• Measures of Success
  • Retention rates for students receiving the HOPE scholarship
  • Six-year graduation rates for students who lost their HOPE scholarship at some point in their academic career.
  • Lessons Learned
  • Losing the HOPE scholarship puts students far more at risk than losing a 3.0 GPA. 

5.  Meta-Majors

  • High-impact strategy
  • Requiring all students to choose a meta-major puts students on a path to degree that allows for flexibility in future specialization in a particular program of study, while also ensuring the applicability of early course credits to their final majors.  Implemented in conjunction with major maps, block scheduling, and freshman learning communities, meta-majors provide clarity and direction in what would otherwise be a confusing and unstructured registration process.
  • Upon registration, all students are required to enroll in one of seven meta-majors: STEM, Arts & Humanities, Health, Education, Policy & Social Science, and Exploratory.  Once students have selected their meta-major, they are given a choice of several block schedules, which are pre-populated course timetables including courses relevant to their first year of study.  On the basis of their timetable selection, students are assigned to Freshman Learning Communities consisting of 25 students who are in the same meta-major and take classes according to the same block schedules of 5 – 6 courses in addition to GSU1010, a 1 credit hour course providing students with essential information and survival skills to help them navigate the logistical, academic, and social demands of the University.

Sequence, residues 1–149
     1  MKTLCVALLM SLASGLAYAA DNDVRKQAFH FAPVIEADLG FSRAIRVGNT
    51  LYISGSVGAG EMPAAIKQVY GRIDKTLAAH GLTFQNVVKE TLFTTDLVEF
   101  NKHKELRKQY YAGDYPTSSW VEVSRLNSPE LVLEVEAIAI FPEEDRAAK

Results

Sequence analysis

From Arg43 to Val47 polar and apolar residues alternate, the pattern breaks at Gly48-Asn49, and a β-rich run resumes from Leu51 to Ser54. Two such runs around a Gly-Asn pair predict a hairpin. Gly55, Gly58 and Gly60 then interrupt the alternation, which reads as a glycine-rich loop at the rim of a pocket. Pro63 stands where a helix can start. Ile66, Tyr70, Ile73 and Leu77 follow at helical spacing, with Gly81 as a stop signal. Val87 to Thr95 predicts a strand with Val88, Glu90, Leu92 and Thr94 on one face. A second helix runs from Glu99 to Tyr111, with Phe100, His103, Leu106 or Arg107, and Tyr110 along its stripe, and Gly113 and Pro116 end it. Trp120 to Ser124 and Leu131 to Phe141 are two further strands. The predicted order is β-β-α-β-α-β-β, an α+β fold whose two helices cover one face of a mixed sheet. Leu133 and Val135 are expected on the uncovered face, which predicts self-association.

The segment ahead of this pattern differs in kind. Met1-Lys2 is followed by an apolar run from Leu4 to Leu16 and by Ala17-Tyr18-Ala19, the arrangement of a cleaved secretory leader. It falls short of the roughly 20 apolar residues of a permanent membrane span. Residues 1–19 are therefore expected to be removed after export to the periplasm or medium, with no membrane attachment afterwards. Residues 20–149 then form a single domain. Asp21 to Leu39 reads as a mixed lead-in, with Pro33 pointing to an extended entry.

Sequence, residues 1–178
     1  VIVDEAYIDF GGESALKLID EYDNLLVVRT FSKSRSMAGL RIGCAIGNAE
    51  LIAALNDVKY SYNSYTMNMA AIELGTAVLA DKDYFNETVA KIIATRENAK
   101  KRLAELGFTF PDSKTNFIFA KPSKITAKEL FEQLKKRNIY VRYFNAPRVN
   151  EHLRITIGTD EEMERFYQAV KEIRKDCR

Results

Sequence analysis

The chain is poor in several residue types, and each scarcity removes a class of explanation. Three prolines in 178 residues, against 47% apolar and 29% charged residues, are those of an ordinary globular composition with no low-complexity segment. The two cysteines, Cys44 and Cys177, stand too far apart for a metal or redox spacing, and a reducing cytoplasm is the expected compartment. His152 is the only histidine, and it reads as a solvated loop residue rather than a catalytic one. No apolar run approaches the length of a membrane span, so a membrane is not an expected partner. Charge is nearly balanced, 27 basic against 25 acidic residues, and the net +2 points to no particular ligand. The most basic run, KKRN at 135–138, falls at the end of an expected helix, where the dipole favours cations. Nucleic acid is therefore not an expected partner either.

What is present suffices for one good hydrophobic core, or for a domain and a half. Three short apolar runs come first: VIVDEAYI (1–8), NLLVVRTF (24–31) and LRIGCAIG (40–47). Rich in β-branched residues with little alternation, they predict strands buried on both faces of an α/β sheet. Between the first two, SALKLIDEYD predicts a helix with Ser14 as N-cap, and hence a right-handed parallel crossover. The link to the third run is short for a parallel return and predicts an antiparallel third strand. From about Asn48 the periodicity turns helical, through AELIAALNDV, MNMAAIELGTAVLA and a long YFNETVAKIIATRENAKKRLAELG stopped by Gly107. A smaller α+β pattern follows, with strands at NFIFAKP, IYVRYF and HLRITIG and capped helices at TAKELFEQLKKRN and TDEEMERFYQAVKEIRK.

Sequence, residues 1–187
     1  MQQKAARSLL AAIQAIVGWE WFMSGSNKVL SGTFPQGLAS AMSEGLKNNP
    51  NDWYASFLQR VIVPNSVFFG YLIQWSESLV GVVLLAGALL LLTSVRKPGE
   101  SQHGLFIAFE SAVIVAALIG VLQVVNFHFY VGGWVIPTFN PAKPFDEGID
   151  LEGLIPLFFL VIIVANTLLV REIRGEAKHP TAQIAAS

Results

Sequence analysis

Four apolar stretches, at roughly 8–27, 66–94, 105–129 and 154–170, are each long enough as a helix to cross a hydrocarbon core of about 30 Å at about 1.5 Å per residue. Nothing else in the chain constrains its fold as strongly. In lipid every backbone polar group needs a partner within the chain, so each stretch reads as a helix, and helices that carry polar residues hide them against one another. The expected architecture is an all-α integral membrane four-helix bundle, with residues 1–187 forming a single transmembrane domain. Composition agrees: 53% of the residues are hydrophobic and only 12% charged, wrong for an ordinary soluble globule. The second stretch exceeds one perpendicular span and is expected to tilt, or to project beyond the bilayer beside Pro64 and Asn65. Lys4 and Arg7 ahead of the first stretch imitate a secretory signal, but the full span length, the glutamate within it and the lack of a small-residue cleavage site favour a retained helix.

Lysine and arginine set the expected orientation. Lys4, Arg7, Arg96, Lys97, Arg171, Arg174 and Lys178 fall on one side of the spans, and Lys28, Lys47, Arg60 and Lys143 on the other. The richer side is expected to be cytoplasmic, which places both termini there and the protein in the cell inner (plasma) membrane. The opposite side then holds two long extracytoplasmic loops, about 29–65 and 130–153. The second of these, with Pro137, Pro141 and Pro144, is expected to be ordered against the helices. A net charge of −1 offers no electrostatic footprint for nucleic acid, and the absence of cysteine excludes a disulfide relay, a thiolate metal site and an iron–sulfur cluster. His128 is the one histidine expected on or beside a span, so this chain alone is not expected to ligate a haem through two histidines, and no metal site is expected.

• Related Goal
  • Goal #2: Increase the number of degrees that are earned ‘on time.’
  • Goal #3: Decrease excess credits earned on the path to getting a degree
  • Summary of Activities
  • A major enhancement associated with the program this year has been the engagement and partnership of the colleges around meta majors. Instead of just exploring majors based on the content and insights developed independently by the instructor for the FLC, colleges are structuring the orientation class and developing extensive programming designed to support major/discipline and career exploration.  For example, last year the Robinson College of Business completely re-thought how Robinson presents GSU 1010.  Last year, they ran a natural experiment where half of their FLC sections were taught with the enhanced curriculum they developed and half were taught the old way.  Students who had the RCB enhanced curriculum were retained at a better rate and were much more involved with student organization and with majors.  This year all the RCB FLCs are being taught in this way and they are working on a plan to structure and build on what they are doing in GSU 1010 to enhance the major across all program years.